Joaquin Lopez

Reach vs Impressions: What’s the difference?

19th Apr 2022 Social Media, Facebook, Paid Social Media Blog, Social Media, Social Media, Twitter 3 minutes to read

Koozai > Blog > Reach vs Impressions: What’s the difference?

Reach vs Impressions: What’s the difference?

You might see the terms reach or impressions in your advertising dashboards on Facebook, Twitter, LinkedIn or even Google Ads and Bing. While most of these platforms tend to only use impressions, Facebook is known for using both reach and impressions on their platform, yet both have slightly different definitions and uses.

What are Impressions?

Impressions is a great metric which allows you to see how many times your ad or post has been viewed, from this you can begin to understand other metrics such as frequency, CPM, and CTR. Impressions are super important to your activity on any advertising platform as it provides you with data that measures the number of times your ad was viewed. Facebook defines impressions as “The number of times that your adverts were viewed on-screen.” Meaning that if a person has come across your ad or post twice, then the number of impressions will be marked as 2. Twitter defines impressions as “The number of times your ad is shown to users, including earned.” Earned being the times it has appeared in search or as a result of someone liking the Tweet. While Google defines it as “An impression is counted each time your ad is shown on a search result page or other site on the Google Network.”


What is Reach?

Reach is a metric that is mainly only used on push targeting platforms. Though it appears on Facebook, Twitter and LinkedIn, it’s only heavily used by Facebook and Instagram. Twitter and LinkedIn have this metric as an added option in the columns, yet it’s Facebook that uses reach as a mainstay on the default dashboard. Reach is defined by Facebook as “The number of people who saw your ads at least once. Reach is different to impressions, which may include multiple views of your ads by the same people.” Meaning that if a person has viewed your ad or post 2 times, it’ll have a reach of 1.


Why is this important?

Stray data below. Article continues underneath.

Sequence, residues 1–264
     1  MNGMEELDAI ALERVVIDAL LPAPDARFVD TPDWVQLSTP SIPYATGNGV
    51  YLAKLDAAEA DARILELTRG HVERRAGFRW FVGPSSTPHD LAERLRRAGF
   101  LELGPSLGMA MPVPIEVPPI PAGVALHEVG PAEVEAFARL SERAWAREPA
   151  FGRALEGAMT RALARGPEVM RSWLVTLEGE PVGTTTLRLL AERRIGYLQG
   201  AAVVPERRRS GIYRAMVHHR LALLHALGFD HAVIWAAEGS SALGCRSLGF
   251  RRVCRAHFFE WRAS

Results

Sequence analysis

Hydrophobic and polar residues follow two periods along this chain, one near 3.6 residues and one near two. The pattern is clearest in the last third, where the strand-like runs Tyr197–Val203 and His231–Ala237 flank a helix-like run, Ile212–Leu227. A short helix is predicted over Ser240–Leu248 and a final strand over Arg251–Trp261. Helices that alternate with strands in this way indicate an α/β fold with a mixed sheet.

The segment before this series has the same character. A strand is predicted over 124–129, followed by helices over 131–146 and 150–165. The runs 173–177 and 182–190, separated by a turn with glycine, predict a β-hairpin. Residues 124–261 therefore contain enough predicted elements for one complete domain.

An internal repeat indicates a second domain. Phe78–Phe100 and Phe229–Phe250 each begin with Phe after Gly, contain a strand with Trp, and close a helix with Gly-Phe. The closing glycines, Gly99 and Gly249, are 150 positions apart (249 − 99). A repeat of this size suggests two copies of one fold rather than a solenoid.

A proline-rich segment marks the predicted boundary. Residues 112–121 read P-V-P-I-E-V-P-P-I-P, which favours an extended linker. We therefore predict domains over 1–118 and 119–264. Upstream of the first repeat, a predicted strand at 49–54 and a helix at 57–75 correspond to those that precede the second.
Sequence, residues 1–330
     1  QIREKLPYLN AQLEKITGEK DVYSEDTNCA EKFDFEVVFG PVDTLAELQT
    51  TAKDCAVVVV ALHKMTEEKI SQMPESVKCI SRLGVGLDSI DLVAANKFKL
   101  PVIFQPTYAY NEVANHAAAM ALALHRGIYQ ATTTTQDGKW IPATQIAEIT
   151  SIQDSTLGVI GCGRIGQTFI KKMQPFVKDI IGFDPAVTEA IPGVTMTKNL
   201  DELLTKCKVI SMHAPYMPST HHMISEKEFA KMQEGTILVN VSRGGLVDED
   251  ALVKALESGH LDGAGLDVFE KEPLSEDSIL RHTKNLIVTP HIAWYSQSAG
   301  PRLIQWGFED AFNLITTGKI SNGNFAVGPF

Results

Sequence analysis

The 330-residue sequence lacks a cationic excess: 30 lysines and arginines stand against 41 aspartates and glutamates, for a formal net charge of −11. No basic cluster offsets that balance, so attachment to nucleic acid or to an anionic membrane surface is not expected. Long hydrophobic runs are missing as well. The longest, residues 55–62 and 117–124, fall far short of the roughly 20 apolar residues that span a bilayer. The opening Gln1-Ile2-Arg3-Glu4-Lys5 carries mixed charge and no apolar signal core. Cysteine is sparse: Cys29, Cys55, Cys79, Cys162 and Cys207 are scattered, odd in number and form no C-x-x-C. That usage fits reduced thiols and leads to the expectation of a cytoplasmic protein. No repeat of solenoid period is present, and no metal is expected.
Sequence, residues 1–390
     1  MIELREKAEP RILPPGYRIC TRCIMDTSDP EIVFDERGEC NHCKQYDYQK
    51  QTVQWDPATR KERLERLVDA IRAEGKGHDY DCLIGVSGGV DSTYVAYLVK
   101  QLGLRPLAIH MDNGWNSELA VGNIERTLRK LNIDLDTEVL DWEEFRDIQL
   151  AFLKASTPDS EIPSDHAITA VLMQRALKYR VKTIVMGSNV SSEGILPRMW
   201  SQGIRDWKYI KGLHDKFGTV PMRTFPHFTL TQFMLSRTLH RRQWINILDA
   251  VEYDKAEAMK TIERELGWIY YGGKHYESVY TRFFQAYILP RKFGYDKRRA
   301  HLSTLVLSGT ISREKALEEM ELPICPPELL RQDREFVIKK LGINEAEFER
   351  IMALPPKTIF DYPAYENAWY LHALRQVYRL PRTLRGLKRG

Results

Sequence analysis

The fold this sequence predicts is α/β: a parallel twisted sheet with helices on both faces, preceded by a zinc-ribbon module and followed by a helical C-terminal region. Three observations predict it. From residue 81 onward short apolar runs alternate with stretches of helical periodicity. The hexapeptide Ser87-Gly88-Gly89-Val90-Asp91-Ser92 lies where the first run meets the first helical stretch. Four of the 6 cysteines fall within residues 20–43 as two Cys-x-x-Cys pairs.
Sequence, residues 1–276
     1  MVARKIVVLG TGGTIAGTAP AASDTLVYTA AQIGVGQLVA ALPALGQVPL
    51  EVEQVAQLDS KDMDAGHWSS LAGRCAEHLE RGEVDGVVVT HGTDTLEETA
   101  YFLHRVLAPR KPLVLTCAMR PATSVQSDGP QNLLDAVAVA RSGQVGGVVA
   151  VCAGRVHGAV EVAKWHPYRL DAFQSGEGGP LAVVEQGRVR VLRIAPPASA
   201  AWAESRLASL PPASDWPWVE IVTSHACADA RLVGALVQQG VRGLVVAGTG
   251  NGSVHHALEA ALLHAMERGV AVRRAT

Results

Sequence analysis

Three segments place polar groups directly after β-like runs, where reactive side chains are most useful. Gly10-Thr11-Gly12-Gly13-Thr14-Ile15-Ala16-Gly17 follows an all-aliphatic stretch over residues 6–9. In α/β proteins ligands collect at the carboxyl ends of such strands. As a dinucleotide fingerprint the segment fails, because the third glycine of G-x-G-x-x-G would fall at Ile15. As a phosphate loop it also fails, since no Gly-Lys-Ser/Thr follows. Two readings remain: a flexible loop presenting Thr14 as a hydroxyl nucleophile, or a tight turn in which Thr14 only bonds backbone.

Knowing the difference between these two metrics is key to understanding your ad performance and data analysis. In most cases you will find that your impressions are much higher than your reach as it’s common to have people come across your ads more than once. If you find that your impressions match the number you see on reach, you may need to make a few changes to your ads to improve performance. This can be done by changing creatives to make them more eye catching, expanding your audience and increasing budget, with these changes you might be able to generate better engagement.

Another way that reach and impressions can help you identify if your ads need improving is if your reach is extremely low and your impressions are significantly higher. Having an extremely low reach and high impressions signifies that your audience size is extremely low and your ad is being shown too many times to your audience. You can see this by checking the frequency metric. It’s normal to see this figure anywhere below 5, but if you start seeing this creep up to 6 or higher, you may need to think about expanding your audience, or lowering your budget.

Checking your CPM (cost per thousand impressions) will give you valuable information on how much you are spending per thousand ad views. Though it’s not the most important metric, it’s still critical to benchmark your ads CPM data with previous ads that you have run. By doing this, you’ll be able to see what a cheap or expensive CPM is. With this knowledge you will be able to run a quick diagnostic on your social ads giving you a strong footing on what your metrics mean and what you can do to improve them. For more information on digital advertising metrics, make sure to check out our blogs and videos.

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Joaquin Lopez

Senior Paid Media Executive

Quags is our talented Paid Media specialist with a wealth of experience across display, search and social. With a particular talent for Facebook advertising, paid social ads and creatives, he’s worked with a variety of B2B and B2C brands including Trulawn, Snazaroo and Worx. On a personal note, Quags is a sci-fi movie buff, gamer, lover of dystopian fiction and self-taught bassist with a penchant for ramen noodles.

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